European Infrastructure: Beauty vs. Efficiency

In the class discussion on September 24th, 2015, we examined and compared the attitude and emotions that arose with the emergence of high modernism; among these were the ideals of social and economic efficiency for modern cities and communities in the twenty-first century. At the same time we discussed the differences between the newly emerging utopian city designs during the mid/late 1800’s. I could not help but notice how this reminded me of the buildings and streets I’d seen and marveled during my trip this summer to Europe. What really set the city’s in Europe apart from each other was that a number of the these were designed to represent the national culture and style of the nation and its past monarchies; this was evident in the structure of Charles Castle and Charles Bridge (Karlov Most) in the heart of Prague. While the beauty and emotional mood of the city was breath taking, it was evident that the medieval designs did not take into account the long term efficiency for expanding markets or trade with the international community – save for tourism and historical research. In addition, a number of smaller villages and communities throughout central Europe, such as the small a town of Spreewald (between Dresden and Berlin) still rely  on small motor boats and light barges for transportation and resupply throughout the vast system of canals and island homes/businesses. However, upon further recollection of my travels through central Europe, the cities and businesses that emerged during the Reformation period were based on the concept of combining modernist design and efficiency with national artistic style and form. From the large cobble stone streets to the large open city central courts and parks, these cities were clearly designed to provide easy access to local/traveling market merchants and business dealers. I myself found these roadways and courts to be quite open and efficient for tourists and local shops in spite of the medieval designs and styles of the buildings and bridges/roadways.

5 thoughts on “European Infrastructure: Beauty vs. Efficiency

  1. Does the use of small motor boats and light barges make transportation inefficient?

    Or is it just a departure from the ways people conceptualize of transportation?

    If infrastructure in a particular location has been employed for generations and seems to work for the people in that location, what would be the benefit of making it “efficient?” Whose convenience does it serve?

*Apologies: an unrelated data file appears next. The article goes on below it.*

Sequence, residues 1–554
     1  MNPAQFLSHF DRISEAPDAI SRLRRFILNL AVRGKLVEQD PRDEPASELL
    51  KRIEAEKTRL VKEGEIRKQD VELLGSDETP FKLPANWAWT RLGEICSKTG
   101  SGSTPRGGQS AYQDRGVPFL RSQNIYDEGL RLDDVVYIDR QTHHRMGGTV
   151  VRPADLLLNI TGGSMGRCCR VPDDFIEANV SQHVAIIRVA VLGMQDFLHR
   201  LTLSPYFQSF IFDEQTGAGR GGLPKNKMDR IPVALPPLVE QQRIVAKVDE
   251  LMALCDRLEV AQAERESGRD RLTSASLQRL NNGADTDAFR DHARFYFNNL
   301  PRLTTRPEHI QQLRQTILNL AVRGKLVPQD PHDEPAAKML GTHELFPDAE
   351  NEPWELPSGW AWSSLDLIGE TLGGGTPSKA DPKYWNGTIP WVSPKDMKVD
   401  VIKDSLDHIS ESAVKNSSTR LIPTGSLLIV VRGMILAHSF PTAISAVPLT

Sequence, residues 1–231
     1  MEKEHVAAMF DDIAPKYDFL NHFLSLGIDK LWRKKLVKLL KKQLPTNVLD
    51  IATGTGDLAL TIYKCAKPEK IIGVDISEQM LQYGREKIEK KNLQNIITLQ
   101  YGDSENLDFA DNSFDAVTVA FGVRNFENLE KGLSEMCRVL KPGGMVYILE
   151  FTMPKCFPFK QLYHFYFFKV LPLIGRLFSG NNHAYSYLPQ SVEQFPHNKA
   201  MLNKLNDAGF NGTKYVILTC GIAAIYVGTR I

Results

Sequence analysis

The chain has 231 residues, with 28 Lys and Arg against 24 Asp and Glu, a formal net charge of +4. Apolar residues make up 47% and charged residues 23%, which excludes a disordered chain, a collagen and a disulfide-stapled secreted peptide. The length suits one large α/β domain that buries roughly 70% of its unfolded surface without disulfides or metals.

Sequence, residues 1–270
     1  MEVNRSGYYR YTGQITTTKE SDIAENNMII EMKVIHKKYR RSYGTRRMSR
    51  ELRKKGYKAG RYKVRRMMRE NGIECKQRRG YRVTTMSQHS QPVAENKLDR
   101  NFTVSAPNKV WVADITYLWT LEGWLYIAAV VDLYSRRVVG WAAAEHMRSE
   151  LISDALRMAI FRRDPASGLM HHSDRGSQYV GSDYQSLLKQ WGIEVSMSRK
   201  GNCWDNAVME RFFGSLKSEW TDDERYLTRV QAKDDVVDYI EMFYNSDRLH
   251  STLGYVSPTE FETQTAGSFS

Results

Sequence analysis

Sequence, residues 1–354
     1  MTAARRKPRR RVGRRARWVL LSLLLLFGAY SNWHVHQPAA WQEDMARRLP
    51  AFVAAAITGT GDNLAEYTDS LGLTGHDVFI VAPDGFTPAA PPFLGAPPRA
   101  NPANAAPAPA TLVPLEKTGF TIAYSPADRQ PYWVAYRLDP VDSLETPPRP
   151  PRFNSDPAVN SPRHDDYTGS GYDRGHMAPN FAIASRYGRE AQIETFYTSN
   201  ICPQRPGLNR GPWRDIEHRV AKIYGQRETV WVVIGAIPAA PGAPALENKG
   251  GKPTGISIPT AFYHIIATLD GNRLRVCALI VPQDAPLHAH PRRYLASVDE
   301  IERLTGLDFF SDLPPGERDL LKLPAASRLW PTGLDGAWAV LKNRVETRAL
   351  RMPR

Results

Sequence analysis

• When I was in Spreewald I saw that they had developed a system of having multiple barges for guests and visitors every hour or so, so these barges aren’t so much as inefficient as they are different from what we Canadians use. Basically it’s a departure from the ways Canadian citizens conceptualize of transportation. However, the citizens of Spreewald use both motorized and self-propelled water craft such as canoes and stick-driven barges; the houses are also close together and are large enough to have their own gardens, farms for cattle and chickens, as well as personally owned restaurants and cafes along the water banks – exactly what they need to be mostly self-sufficient.

  2. It was rather interesting to hear your input into the efficiency of these “modern” cities in Europe. I agree with you when you mention if the facades take away from the long term efficiency. My question to you is that when you traveled these cities, and when you learned about various civil design, did you happen to pick up on any architectural archetypes? Or do you think there is a vast distinction between cities?

    • During my travels I did try to spot any archetypes that were similar to the designs used in Canada; while there were some modern features such as highways and centralized businesses, I saw a distinct difference in the older areas of European cities that had remained relatively unscathed during the Second World War. As such, there was in fact a distinctive difference from the medieval/reformation and even some of the modern sectors of European cities from those of Canadian cities.

  3. I think that this is a huge problem that is not only for European cities. I think that Beauty Vs Efficiency is something that almost everything is a struggle with. Facades are beautiful but have no function. But does everything have to have a function?

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